Hobo Johnson has always kept the attention of many due to his erratic and anxiety induced emo-spoken word raps that dives deep into themes of depression and love, amongst the globalized discrepancies in the social divide from wealth. In many ways Hobo Johnson is like if comedian Mike Birbiglia took his early comedy bits and turned them into quirky raps that carry enough gravitas to reel you in, albeit his uncanny flows and musical production. In past albums, Hobo Johnson has had a more wound and concise scale of production, until Hobo Johnson further got in his emotional and literary bag further delivering breaths of fresh air in music. Instead of delivering music from an emotional core, Hobo Johnson’s new approach his music distinguishes problematic issues today and personal issues to deliver a thematically derivative album in The Revenge of Hobo Johnson.
Hobo Johnson isn’t one to dwindle or mince words when he performs/delivers his vocals. His tonal shifts lay out emotions and thoughts spread thinly across a long coffee table, where it’s reconstructed into a fantastic mess. This inherent quality has been passed from album to album, further defining his linguistic delivery into fully formed thoughts in music that make these spoken-word hybrid raps more gripping, as if it were coming from something more conventional. His music isn’t for the universal pop masses, and it shows.
The Revenge of Hobo Johnson trades much of the quirky fun raps we’ve come to know of him in the past, like “DeMarcus Cousins and Ashley” or “Subaru Crosstrek,” for empathetic quirkiness. The closest thing to his esoteric quirkiness comes on the track “I want to see the World.” This has Hobo Johnson rapping about places he wants to visit based on preconceived notions of the culture he finds great and cool, like mentioning the French’s keen attention to dancing and rhythm, as well as great soda (according to him). But it comes with twists, as he starts to express the problems imposed on the world by others, criticizing what has been done unfairly to the people, like when he mentions the farmers of Honduras and the monetization of their farmland. Although his quirkiness is part of his vocal nature, it’s the way the subtleties are delivered that create the varying depth in his music; specifically in the subject matter that he tackles.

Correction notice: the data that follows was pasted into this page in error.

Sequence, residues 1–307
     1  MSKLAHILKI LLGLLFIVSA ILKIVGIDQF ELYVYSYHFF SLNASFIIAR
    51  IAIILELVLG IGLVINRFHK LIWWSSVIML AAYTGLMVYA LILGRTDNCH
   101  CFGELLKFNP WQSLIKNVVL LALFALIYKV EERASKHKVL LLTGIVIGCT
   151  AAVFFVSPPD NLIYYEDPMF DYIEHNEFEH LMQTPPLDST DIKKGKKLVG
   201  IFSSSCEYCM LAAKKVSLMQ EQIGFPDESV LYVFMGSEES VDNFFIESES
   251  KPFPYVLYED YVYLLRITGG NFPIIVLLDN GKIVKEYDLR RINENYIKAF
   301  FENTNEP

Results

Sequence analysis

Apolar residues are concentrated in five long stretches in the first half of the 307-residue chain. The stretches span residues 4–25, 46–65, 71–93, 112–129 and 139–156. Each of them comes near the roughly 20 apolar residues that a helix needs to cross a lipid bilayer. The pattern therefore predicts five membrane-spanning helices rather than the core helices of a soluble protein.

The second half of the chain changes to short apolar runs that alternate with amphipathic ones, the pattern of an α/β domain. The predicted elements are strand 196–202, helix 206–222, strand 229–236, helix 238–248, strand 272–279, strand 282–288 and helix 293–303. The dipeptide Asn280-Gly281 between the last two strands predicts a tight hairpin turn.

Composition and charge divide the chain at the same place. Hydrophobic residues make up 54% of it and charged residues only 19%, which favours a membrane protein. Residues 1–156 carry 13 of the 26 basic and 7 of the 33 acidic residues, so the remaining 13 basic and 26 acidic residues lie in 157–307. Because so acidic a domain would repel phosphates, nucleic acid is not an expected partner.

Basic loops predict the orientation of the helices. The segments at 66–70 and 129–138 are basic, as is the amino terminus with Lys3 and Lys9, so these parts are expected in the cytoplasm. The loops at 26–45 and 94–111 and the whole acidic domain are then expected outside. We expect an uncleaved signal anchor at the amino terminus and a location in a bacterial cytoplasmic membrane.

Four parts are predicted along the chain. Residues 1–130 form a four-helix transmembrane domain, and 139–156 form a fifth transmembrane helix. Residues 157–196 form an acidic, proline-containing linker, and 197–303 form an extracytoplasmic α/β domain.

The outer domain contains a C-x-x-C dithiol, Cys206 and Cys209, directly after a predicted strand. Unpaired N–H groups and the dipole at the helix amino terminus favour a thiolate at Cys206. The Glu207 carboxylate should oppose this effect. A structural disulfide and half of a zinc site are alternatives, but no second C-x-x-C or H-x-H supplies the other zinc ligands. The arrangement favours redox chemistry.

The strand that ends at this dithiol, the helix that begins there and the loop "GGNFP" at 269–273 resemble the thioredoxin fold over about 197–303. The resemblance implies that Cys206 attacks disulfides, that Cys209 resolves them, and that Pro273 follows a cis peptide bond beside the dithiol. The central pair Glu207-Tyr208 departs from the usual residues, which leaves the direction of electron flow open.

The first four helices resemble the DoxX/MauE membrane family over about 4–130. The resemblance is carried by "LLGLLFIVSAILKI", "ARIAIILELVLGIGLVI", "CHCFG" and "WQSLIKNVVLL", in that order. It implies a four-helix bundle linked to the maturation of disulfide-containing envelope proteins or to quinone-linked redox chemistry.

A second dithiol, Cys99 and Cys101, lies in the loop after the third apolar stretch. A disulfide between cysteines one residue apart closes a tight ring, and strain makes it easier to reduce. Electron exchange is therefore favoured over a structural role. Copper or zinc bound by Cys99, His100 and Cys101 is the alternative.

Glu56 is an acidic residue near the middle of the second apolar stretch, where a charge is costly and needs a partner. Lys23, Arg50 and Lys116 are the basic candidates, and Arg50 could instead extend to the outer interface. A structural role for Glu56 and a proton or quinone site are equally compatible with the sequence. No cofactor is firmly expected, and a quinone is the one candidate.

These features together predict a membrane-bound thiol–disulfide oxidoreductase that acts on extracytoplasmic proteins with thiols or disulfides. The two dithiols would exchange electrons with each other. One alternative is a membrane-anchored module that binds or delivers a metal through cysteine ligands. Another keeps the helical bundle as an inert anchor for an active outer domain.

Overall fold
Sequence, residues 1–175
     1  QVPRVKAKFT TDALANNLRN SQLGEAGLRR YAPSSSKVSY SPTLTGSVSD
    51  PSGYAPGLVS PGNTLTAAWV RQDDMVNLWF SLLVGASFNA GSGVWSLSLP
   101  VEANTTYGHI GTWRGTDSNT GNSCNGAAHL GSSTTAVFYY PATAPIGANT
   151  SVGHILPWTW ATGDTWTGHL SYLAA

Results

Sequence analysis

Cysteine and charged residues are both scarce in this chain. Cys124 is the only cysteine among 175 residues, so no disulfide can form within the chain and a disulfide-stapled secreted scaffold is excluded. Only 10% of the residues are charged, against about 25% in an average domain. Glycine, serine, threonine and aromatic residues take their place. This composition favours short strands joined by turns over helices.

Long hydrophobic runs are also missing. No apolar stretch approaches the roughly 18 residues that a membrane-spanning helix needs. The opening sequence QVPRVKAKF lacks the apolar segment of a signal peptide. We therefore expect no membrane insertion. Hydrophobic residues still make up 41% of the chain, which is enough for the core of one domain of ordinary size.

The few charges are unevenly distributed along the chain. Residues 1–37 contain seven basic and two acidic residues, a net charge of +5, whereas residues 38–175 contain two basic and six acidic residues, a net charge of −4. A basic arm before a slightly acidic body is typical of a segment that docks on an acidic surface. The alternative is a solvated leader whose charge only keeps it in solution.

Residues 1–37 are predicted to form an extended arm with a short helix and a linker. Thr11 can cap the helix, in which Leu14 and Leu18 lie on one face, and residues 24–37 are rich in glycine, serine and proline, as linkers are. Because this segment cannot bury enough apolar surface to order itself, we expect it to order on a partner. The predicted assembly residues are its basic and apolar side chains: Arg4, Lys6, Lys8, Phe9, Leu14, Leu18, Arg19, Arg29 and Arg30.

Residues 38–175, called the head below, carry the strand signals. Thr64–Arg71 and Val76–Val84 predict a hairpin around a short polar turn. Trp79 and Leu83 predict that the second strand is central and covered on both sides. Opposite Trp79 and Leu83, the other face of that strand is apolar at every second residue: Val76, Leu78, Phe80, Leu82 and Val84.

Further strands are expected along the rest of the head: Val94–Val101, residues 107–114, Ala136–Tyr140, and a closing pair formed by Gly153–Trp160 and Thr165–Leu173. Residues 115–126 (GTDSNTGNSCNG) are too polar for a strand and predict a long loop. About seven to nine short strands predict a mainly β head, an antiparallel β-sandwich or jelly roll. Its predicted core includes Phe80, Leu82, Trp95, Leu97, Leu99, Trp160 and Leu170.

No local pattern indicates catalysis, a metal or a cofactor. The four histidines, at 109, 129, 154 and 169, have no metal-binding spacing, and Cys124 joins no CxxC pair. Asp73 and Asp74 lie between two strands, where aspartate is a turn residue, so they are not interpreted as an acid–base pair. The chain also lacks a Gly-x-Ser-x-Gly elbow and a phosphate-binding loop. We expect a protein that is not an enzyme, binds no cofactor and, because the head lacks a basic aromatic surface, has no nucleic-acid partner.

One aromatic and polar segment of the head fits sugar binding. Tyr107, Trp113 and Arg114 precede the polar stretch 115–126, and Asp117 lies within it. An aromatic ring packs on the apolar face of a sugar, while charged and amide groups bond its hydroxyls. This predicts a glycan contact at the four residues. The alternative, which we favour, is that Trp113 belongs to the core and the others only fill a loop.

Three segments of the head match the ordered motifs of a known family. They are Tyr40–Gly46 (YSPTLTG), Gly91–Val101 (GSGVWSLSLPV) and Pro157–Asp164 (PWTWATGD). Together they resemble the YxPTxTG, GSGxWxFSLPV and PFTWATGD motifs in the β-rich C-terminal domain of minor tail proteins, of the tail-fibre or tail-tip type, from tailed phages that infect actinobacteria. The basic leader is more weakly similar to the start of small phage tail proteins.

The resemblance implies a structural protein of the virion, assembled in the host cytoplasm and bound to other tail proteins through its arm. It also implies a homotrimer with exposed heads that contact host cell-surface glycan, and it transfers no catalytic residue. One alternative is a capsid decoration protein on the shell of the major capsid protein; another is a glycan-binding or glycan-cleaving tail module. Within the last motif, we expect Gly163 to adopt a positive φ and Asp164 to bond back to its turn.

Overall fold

A lot of Hobo Johnson’s new album contains tracks where he mounts a 3-inch high soapbox and delivers perplexing ideas about the world and its influences, whether broad or tightened, like on “Song 9 (The Government’s Not Great).” This has him these angst-driven and slightly over the top delivery, where you start to lose sense about where this is going as he takes jabs at his “competitors” Twenty One Pilots and The 1975. The plus side of this is that now we have a firmer grasp at what kind of artist Hobo Johnson is, considering his fluidity with the sounds he emboldens in his music.
This kind of work can sound preachy if not approached with care and intuitiveness, which Hobo Johnson usually applies, but he delivers it with screaming ferocity, you start to wander off into selecting something new. “You Need Help,” does this without nuance or encapsulating factors to keep you reeled in. He has moments where these types of tracks have weight on them like “My Therapist” and “Prequel To Animal Farm,” both of which take jabs at capitalism and fundamentalism in the world of business. He draws scenes, using George Orwell’s Animal Farm as a way to distinguish the working class to the upper, more affluent, class that has control over the livelihood of someone. The way he incorporates the themes of the novel into this track is a definitive lyrical highlight.
Regardless of the consistency from the content within the music, it isn’t where Hobo Johnson shines. While he delivers these auspicious themes on tracks like “I want you Back,” despite not having the same gravitational pull as his more personal tracks, like the acoustic ballad “You Want A Baby.” The production is simple, crisp, elevating the emotional grip Hobo bears, from proclaiming his unwavering love for his current girlfriend and trading his own happiness for the love and spirit of his girlfriend’s happiness that continues to give him reason to continue. These kinds of sentimental beats have always been where we see the broken nature of his being splattered all over the microphone. It meshes with the tender production sprinkled throughout the album and gives it an identity on this third chapter closing for him.
The Revenge of Hobo Johnson doesn’t deliver with the manic bravado that his last album had, but still has its bright spots where you’ll still find enough to go back to. It’s approach to creating stories and analogies that transpire into this range of universal themes with slight redundancies.